Stoicism is a philosophy of life that aims to find eudaimonia (human flourishing or happiness). Practiced for over 2300 years, its popular appeal stems from its universal principles of peaceful coexistence.
Contrary to common belief, the Stoics do not discourage people from experiencing or expressing their emotions. In fact, the Stoics encourage experiencing the entire range of emotions.
They suggest we remain mindful of the effects that our thoughts can have on our feelings and actions. So, they practice and suggest suffering and enjoying this human existence, and yet do both in moderation.
We can become modern Stoics by choosing to practice virtue, whether anyone is watching or not.
What is Stoicism, In A Nutshell?
Stoicism is a still-practiced Greco-Roman school of philosophy founded in 301 BCE by Zeno of Citium. It holds the highest good of human life is Virtue, and we can remain indifferent to pleasure, misery, and the whims of fortune if we practice the four cardinal virtues — wisdom, courage, justice, and temperance.
Stoic philosophy urges living in the present moment, harmonizing with cosmic wisdom, being grateful for what we have, and remaining indifferent to earthly riches and recognition through the practice of memento mori.
Stoicism starts with the belief that we can find good in all human experiences and live meaningful lives if we practice Virtue or moral excellence.
Stoicism holds that if we practice moral virtue in all of our thoughts and acts, we can live rich, worthy, and happy lives.
The Stoics recognize that many of our negative emotions, which they called “pathe” (suffering), are a product of our voluntary judgments about the world. So they avoid making judgments about situations and people, and instead, prefer accepting them as they are. It shields them from the severe effects of lingering emotions.
The Stoics believe in the idea of loving their fate, or amor fati. The premise is that if you accept what you can’t change, then you won’t be frustrated when it happens. This allows the Stoics to keep an optimistic outlook on their situation, no matter how bleak it seems, and to keep working for a brighter tomorrow.
To love only what happens, what was destined. No greater harmony.— Marcus Aurelius, The Philosopher King
Stoic philosophy emphasizes self-control and the rule of reason. It tells us to not let our emotions dictate us and to use reason to make any decision that we make.
Be tolerant with others and strict with yourself.— Marcus Aurelius, The Philosopher King
It teaches us how to live forward without being burdened by shame, remorse, disgust, or guilt about the past. It tells us we cannot control what happens to us, but we can control our response to what happens to us.
The masters of Stoicism repeatedly remind us that the only things we have control over are our thoughts, choices, and actions in the present moment.
The Stoics believe life is short, unpredictable, and often painful. Wasting it on doing useless things only adds to our pain. So, they advise:
- Stop whining about people spoiling your day or mood – they are what they are. Instead, expect to come across some “wicked, ignorant, ungrateful” people every day. Our good comes from us, not others.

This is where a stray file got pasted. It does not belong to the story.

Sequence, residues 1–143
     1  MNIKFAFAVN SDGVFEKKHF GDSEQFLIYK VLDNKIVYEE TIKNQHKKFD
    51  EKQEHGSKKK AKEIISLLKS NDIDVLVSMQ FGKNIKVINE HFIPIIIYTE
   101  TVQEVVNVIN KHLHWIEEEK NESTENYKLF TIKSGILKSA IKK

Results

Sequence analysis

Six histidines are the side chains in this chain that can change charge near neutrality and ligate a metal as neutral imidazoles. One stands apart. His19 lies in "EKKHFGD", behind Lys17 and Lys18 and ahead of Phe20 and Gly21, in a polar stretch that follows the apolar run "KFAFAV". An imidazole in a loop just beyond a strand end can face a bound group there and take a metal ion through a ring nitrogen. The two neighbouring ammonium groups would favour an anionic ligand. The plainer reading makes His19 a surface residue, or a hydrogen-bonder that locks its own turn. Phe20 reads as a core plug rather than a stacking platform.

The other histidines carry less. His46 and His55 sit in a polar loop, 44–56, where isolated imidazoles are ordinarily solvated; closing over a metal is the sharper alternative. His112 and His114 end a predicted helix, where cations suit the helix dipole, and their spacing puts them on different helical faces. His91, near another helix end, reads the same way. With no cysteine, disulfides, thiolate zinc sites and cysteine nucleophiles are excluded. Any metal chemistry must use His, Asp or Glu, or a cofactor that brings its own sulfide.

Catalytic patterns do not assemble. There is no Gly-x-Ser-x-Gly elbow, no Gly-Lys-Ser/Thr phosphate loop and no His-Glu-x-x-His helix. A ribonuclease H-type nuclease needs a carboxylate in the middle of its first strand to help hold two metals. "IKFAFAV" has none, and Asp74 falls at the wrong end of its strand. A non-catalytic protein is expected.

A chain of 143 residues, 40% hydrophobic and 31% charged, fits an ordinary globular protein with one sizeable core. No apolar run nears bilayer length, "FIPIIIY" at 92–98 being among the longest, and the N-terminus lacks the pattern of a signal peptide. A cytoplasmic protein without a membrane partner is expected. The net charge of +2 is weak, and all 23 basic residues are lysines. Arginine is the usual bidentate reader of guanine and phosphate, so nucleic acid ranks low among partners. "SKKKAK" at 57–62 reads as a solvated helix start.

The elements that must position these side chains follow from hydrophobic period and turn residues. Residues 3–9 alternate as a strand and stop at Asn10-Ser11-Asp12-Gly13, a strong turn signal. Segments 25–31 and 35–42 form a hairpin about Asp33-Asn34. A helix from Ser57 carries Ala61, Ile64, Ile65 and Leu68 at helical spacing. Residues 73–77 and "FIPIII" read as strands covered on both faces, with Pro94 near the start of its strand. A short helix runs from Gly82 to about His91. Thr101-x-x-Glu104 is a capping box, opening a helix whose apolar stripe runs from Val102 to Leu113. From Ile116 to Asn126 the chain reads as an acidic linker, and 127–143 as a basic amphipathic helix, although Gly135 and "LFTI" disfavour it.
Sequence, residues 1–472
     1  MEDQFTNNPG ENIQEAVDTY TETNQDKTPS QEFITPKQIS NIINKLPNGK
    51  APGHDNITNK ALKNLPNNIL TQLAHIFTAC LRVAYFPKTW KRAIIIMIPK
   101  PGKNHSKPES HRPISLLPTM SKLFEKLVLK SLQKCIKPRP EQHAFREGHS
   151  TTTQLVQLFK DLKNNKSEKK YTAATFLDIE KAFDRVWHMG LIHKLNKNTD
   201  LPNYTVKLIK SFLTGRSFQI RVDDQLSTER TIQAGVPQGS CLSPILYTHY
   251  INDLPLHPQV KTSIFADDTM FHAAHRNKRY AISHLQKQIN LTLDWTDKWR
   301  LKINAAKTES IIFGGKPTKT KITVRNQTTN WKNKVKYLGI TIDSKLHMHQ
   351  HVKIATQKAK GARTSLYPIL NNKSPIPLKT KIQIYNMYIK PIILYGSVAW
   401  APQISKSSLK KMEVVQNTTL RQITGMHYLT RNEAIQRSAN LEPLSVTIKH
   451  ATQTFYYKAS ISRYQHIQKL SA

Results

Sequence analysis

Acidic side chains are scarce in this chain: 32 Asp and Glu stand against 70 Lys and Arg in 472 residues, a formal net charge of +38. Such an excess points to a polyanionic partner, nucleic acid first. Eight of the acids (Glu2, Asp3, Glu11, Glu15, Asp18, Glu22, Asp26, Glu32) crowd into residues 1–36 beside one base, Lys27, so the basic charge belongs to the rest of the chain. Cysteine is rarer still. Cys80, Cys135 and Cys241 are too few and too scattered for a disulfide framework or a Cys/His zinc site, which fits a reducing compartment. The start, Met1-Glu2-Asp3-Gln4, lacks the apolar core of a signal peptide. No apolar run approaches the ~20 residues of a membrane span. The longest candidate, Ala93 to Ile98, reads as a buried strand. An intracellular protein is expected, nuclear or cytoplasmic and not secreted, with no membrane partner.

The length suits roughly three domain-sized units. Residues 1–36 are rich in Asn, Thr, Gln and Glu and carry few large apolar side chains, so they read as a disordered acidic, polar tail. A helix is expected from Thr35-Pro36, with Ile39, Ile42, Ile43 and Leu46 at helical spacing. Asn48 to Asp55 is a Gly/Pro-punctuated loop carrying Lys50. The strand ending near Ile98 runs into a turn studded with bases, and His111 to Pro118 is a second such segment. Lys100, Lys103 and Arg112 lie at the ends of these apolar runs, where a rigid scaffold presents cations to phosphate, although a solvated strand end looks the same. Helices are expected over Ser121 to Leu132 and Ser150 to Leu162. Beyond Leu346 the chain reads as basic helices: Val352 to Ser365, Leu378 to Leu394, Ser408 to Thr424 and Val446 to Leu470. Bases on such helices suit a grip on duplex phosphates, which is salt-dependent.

- Don’t turn away from the harsh times. Instead, meet adversities with the wisdom that they will pass, and hold the same thought for the good times. The trivial and the vital, the blissful and the painful, all fade away.
Think often on the swiftness with which the things that exist and that are coming into existence are swept past us and carried out of sight. For all substance is as a river in ceaseless flow, its activities ever-changing and its causes subject to countless variations, and scarcely anything stable.— Marcus Aurelius
Finally, for a Stoic, the purpose of life is to live in simple harmony with nature, which can only come from a life of virtue, which then leads to a life of joy (eudaimonia) that is free of suffering (apatheia).
[Download the PDF: Stoicism—Short Summary]
To know more, dive into any of our highly popular posts:
- Premeditatio Malorum: The Stoic Idea of Negative Visualization
- 4 Cardinal Stoic Virtues: Most Powerful Hacks To A Good Life
- The Surprisingly Unusual Life of Zeno: Founder of Stoicism
- 20 Best Books On Stoicism For Beginners | 5 of Them Free
- How To Practice Stoicism: 18 Stoic Exercises You Must Try
- What Can You Gain From Stoicism’s View From Above?
- How To Be A Modern Stoic In These Chaotic Times?
- Memento Mori: Why Must We Keep Death In Mind?
- The Stoic Triangle of Happiness (Stoic Eudaimonia)
- Did Marcus Aurelius say, “Death smiles at us all?”
- Greatest Stoic Quotes On Death
What is Stoicism?
Stoicism is defined as an ancient Greek school of philosophy founded by Zeno of Citium in Athens. The school taught that Virtue, the highest good, is based on knowledge; the wise live in harmony with the divine Reason (sometimes equated with Fate and Providence) that governs Nature, and are indifferent to the whims of fortune, as well as pleasure and pain.
What are the four main ideas of Stoicism?
The four major ideas of Stoicism are Virtue, Nature, Apatheia, and Eudaimonia. Virtue has four subtypes: wisdom (the root virtue), justice, courage, and moderation. Nature or the cosmos is perfect and everything that happens is predetermined, so all outcomes must be accepted. Apatheia or equanimity is a state of mind unaffected by the passions. Eudaimonia is the ultimate goal of life, and a good life comes from the pursuit of virtue.
• • •
• • •
Author Bio: Written and reviewed by Sandip Roy—a medical doctor, psychology writer, and happiness researcher. Founder and Chief Editor of The Happiness Blog. Writes on mental health, happiness, positive psychology, and philosophy (especially Stoicism)
√ If you enjoyed this, please spread the word.
Disclosure: This post may include affiliate links.